A single-member LLC (Limited Liability Company) business is a one-owner business. The SMLLC is like a sole proprietorship, but being an LLC has advantages in limiting your liability and acting like a "real" business.
One of the ways to act like a real business is to have the same type of documentation that other Limited Liability Company owners have. An LLC with more than one owner (called "members")" has a document called an operating agreement that is prepared with the help of an attorney when the business begins.
What an Operating Agreement Is
An operating agreement is a document which describes the operations of the LLC and sets forth the agreements between the members (owners) of the business. All LLC's with two or more members should have an operating agreement. This document is not required for an LLC, but it's a good idea in any case.
An operating agreement is similar to the by-laws that guide a corporation's board of directors and a partnership agreement, which is used by partnerships. By-laws are required for a corporation, but a partnership agreement is not required.
As a matter of fact, a partnership agreement and the operating agreement for an LLC are very similar, since these two types of businesses function in similar ways.
Why an SMLLC Agreement Is a Good Idea
If there is only one owner of an LLC, is an operating agreement still necessary? The answer is, YES! Here are four reasons a single-member LLC need to prepare an operating agreement - and abide by it.
The Operating Agreement Describes the Organization
As noted above, an operating agreement describes the operations of the LLC, listing the formation of the business and the procedures followed in the business. The agreement also clarifies how LLC funds are contributed and distributed to the owner. This discussion is helpful to the owner and a good way to ensure that appropriate records are being kept of proceedings.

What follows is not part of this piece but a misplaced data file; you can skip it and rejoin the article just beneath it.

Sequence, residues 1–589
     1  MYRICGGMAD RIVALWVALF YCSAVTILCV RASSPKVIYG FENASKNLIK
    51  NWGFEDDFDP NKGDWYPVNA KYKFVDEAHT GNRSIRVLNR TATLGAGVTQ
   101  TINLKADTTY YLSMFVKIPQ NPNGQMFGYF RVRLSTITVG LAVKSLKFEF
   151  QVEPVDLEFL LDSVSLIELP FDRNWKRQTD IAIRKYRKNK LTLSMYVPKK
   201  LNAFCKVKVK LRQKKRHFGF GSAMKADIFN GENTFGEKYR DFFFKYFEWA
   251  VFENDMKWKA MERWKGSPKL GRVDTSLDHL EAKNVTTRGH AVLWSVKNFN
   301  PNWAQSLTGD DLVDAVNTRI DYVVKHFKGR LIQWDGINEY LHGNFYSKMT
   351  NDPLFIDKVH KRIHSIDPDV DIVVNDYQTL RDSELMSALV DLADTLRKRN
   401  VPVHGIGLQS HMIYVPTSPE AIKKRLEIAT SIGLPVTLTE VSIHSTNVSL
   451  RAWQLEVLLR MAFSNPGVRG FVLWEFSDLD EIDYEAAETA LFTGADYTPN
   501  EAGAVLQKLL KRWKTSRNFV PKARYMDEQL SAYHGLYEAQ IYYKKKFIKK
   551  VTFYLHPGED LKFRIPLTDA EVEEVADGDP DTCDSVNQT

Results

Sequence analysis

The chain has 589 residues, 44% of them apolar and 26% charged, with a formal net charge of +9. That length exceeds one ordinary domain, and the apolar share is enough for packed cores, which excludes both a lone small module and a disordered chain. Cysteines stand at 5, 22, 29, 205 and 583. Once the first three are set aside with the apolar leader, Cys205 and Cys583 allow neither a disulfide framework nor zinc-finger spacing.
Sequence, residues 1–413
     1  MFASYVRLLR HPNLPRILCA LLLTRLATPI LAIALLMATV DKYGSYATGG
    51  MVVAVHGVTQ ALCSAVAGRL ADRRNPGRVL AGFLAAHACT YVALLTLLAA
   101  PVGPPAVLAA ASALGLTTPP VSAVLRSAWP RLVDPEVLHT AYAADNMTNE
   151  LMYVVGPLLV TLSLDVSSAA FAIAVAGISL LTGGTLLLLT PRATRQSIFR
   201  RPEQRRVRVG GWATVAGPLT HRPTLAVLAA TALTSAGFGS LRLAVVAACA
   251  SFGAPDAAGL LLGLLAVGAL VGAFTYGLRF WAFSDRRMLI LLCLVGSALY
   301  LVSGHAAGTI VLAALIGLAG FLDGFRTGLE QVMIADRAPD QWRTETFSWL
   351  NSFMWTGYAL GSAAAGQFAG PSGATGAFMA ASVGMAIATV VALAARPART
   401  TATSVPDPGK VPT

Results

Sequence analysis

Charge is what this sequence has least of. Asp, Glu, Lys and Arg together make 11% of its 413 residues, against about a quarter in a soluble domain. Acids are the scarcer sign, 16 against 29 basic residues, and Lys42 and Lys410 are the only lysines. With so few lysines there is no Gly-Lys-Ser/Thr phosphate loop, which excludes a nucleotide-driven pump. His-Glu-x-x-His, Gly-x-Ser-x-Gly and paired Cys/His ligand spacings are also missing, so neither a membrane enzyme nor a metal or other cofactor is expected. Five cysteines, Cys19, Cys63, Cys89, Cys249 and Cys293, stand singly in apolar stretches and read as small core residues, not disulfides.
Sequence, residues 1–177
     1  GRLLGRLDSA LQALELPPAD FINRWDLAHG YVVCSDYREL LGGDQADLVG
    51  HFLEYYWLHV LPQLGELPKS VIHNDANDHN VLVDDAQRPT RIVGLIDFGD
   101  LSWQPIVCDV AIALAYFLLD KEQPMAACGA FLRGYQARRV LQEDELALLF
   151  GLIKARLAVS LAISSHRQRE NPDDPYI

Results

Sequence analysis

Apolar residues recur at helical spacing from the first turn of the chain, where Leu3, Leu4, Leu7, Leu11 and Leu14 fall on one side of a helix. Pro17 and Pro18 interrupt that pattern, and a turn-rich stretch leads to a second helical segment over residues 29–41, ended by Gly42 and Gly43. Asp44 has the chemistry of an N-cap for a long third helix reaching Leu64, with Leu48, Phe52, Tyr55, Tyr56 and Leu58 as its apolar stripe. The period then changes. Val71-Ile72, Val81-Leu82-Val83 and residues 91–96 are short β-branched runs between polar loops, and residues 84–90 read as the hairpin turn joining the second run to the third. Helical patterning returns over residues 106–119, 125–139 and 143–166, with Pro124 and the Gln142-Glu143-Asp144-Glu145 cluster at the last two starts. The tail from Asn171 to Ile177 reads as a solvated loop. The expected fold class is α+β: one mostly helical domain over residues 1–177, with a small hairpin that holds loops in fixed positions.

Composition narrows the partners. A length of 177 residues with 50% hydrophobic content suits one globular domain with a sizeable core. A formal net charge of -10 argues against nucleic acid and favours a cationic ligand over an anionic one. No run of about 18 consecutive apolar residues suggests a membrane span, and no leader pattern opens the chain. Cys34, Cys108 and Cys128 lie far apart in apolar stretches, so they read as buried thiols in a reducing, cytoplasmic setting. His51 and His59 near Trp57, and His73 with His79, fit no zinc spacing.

Separating the Business from the Owner
Having an operating agreement and keeping records of operations helps establish the separateness of the business from the owner for liability and tax purposes. If you don't have an operating agreement, you will find it more difficult to show that your business is separate from you. This is crucial, particularly if there is a liability issue.
Clarifying Business Succession
An operating agreement also clarifies what happens if the owner dies or is unable to run the business.; that is, it creates a succession plan. Your operating agreement should include a clause stipulating who will manage the LLC if you are unable to do so. Without this specific provision, it may be difficult for your family to continue the business or dispose of it without a lengthy legal battle.
Avoiding State LLC Default Rules
If an LLC has no operating agreement, it is subject to the "default rules" of the state in which the LLC is organized. These "default rules" are set out by the state. Letting the state tell you how to dispose of your business assets is not what you want for your LLC.
Get Help From an Attorney
You can use online services to create an operating agreement, but you are better served by getting the help of an attorney. Your attorney can make sure all the relevant clauses are included, and he or she can tailor the document to the requirements of your state.